The University of Puget Sound orchestra’s talent never ceases to astound audiences. Such was the case on Friday, April 25 when the Symphony Orchestra, Adelphian Concert Choir, Voci d’Amici, Chorale and Dorian Singers collaborated for the Final Thoughts concert in Schneebeck Concert Hall.
In today’s society, appreciation for classical music en masse is highly influenced by the way the orchestra entices its audience, stirring souls with music. The performers drew upon a wide array of emotion, moving even hesitant attendees.
Their first piece, the “Requiescat,” composed by William Mathias, began the concert on an anxious note to liven the audience. The tension of wild violins cutting through the air with apprehension followed by a tumult of brass and strings put the audience on the edge of their collective seats.
However, the concert did not keep the audience on edge. Following the first chaotic piece, freshman Frances Welsh accompanied the Symphony Orchestra with her harp, enchanting the audience with “Danses Sacreé et Profane,” a piece composed by Claude Debussy. The musicians perfectly captured the ethereal and joyous qualities of Debussy’s piece, which seemed as though it belonged in the score for a movie featuring a romantic reunion.
The first act ended with an epic rendition of the overture to the opera William Tell, composed by Gioachino Rossini. The piece began with a lighthearted yet uncertain tone before eventually erupting into the classic theme of “The Lone Ranger.”
The show concluded with a multi-part “Requiem” composed by Gabriel Fauré for which the Adelphian Concert Choir, Voci D’Amici, Chorale and Dorian Singers joined the Symphony Orchestra in a powerful, haunting, melodic, wild, dramatic and occasionally playful rendition of the piece. The choirs added a complex touch to the piece and the combination of four groups demanded an extra level of commitment from the performers.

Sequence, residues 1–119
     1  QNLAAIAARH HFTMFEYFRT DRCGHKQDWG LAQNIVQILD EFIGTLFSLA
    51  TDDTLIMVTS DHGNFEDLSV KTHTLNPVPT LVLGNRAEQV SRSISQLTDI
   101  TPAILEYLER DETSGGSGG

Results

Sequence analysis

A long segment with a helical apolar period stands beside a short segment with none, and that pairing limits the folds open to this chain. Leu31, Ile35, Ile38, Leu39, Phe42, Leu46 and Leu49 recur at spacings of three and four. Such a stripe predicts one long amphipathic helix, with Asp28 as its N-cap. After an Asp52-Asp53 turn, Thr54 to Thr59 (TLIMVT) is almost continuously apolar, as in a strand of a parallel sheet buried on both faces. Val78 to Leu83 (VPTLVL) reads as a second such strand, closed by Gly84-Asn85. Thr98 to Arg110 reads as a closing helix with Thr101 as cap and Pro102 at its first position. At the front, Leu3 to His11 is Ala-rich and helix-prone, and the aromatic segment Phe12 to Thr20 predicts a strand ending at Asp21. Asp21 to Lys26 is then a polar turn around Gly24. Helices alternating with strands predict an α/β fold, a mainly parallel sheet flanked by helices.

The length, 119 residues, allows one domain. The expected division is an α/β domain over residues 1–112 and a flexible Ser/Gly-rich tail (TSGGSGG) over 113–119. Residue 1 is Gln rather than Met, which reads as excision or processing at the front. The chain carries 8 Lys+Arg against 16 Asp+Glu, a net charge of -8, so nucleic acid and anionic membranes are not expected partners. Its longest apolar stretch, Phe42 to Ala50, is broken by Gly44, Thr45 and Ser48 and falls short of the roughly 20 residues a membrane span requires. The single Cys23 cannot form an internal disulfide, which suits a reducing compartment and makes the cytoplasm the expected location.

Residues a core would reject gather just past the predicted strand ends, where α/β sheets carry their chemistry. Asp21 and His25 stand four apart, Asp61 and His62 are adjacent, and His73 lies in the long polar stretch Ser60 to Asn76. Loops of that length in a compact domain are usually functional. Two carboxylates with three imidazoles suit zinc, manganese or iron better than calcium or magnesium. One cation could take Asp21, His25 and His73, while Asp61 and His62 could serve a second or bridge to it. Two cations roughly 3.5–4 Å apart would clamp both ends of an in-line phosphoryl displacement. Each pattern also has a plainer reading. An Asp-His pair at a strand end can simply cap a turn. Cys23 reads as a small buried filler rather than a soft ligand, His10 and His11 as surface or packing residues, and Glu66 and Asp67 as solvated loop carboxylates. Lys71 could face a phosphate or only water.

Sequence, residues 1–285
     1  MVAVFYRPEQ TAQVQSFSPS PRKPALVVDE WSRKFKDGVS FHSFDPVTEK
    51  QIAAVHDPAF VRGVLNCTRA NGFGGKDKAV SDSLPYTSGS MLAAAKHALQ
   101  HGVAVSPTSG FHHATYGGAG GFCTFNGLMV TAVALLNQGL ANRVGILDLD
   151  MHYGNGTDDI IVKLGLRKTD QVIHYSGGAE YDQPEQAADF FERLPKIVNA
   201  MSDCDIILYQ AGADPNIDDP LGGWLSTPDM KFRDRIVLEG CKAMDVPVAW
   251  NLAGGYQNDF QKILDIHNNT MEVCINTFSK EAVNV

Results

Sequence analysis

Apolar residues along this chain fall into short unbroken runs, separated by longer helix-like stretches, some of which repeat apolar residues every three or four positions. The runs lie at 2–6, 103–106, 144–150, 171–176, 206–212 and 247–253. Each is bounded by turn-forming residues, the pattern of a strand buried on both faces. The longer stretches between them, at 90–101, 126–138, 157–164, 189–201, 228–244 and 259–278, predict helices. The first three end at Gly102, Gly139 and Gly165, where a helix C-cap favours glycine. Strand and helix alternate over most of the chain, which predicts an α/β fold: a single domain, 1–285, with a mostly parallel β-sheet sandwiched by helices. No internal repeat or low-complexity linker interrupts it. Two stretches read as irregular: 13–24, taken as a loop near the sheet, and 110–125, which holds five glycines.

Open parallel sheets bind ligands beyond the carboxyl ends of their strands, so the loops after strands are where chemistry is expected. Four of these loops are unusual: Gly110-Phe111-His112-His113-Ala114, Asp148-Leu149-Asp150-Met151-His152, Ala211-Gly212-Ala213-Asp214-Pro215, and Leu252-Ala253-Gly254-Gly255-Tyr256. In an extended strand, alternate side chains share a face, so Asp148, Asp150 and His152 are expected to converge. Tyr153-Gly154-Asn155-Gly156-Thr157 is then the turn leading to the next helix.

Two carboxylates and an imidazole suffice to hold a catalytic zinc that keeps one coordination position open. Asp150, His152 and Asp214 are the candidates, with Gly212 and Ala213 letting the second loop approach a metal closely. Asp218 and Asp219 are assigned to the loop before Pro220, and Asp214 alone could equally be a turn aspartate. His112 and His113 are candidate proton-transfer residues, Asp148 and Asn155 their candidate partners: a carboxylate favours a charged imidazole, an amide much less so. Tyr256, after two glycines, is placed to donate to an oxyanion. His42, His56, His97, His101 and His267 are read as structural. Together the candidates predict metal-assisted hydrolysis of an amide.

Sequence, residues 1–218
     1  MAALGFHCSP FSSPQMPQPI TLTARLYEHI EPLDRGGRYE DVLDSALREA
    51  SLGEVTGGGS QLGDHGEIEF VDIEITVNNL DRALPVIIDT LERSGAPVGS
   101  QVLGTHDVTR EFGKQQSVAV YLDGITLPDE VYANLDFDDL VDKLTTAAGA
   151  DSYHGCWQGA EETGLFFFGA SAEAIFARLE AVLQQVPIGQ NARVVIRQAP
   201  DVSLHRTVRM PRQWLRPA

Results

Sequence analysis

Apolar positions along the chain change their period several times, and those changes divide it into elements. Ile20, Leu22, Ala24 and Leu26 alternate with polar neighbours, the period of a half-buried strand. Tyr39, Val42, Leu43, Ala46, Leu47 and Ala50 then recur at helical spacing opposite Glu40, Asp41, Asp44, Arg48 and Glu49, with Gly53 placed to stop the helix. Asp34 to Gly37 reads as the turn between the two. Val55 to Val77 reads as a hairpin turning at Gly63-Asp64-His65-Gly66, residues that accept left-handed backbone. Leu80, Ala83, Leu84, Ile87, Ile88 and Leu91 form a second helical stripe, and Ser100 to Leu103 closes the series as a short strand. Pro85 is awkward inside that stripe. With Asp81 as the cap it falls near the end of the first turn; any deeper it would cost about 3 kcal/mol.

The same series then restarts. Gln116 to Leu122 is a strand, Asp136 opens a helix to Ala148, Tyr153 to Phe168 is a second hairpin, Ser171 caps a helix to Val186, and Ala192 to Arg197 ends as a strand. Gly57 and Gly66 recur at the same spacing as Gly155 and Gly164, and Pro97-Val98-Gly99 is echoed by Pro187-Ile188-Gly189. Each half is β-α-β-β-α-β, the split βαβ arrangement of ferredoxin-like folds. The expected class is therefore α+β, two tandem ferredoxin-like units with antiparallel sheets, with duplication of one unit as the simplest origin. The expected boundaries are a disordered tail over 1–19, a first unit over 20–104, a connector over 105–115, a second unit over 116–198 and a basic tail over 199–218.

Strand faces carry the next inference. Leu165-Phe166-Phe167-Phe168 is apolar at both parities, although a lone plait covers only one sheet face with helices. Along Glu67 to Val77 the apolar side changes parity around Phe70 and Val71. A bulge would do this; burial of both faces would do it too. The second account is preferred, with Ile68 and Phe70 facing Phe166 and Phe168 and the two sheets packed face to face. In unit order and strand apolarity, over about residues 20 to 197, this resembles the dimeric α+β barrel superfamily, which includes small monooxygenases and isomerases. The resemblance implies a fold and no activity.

“Since this major work is being performed by all four choirs, it often seems like your voice is lost in the mass of people performing. However, each and every voice is vital to the overall sound and quality of the group. As an individual performer, in order to create a uniform and cohesive sound I know I must, along with every other singer, work to match the quality and tone of the voices around me and focus on listening more than singing,” freshman Dorian singer Olivia Anderson said.
This astounding performance was also a rare treat for its attendees.
“We only combine all the choirs and the orchestra for a combined work every three years. It is always memorable to watch everyone¹s faces light up when they hear each other all together for the first time,” Doctor Steven Zopfi, conductor of the Adelphian Concert Choir, Voci d’Amici and Chorale, said.
The infrequency of this sort of collaboration lends itself to a more sophisticated performance in general.
“As we only do this every three years, it is really special to explore these great choral-orchestral masterworks when we get the chance. They require large forces and lots of practice to do them justice so it is treat to be able to work on them,” Zopfi said.
As classical musicians, the orchestra and choirs are unfortunately underappreciated, especially in a society dominated by pop and rap music.
Thankfully, Final Thoughts provided a venue for this music to be enjoyed without judgment.
“The music that is performed by ensembles and individual performers of the School of Music is not typically from genres that are popular with our generation. Additionally, a good portion of the concerts that we put on are free. Everyone—not just members of the UPS community—has the opportunity to come and listen to beautiful music that they might not have had a lot of exposure to, performed by some of the most talented musicians I have ever met. It’s an opportunity to try new things and learn something unusual. I think that could be valuable to anyone,” sophomore cellist Carolynn Hammen said.
The talent of the Puget Sound musicians is undeniable. Final Thoughts both delighted its audience and bid adieu to the senior musicians who will graduate this month.
While this performance was a special one, the Tacoma community would be remiss to neglect seeing these performers in the future.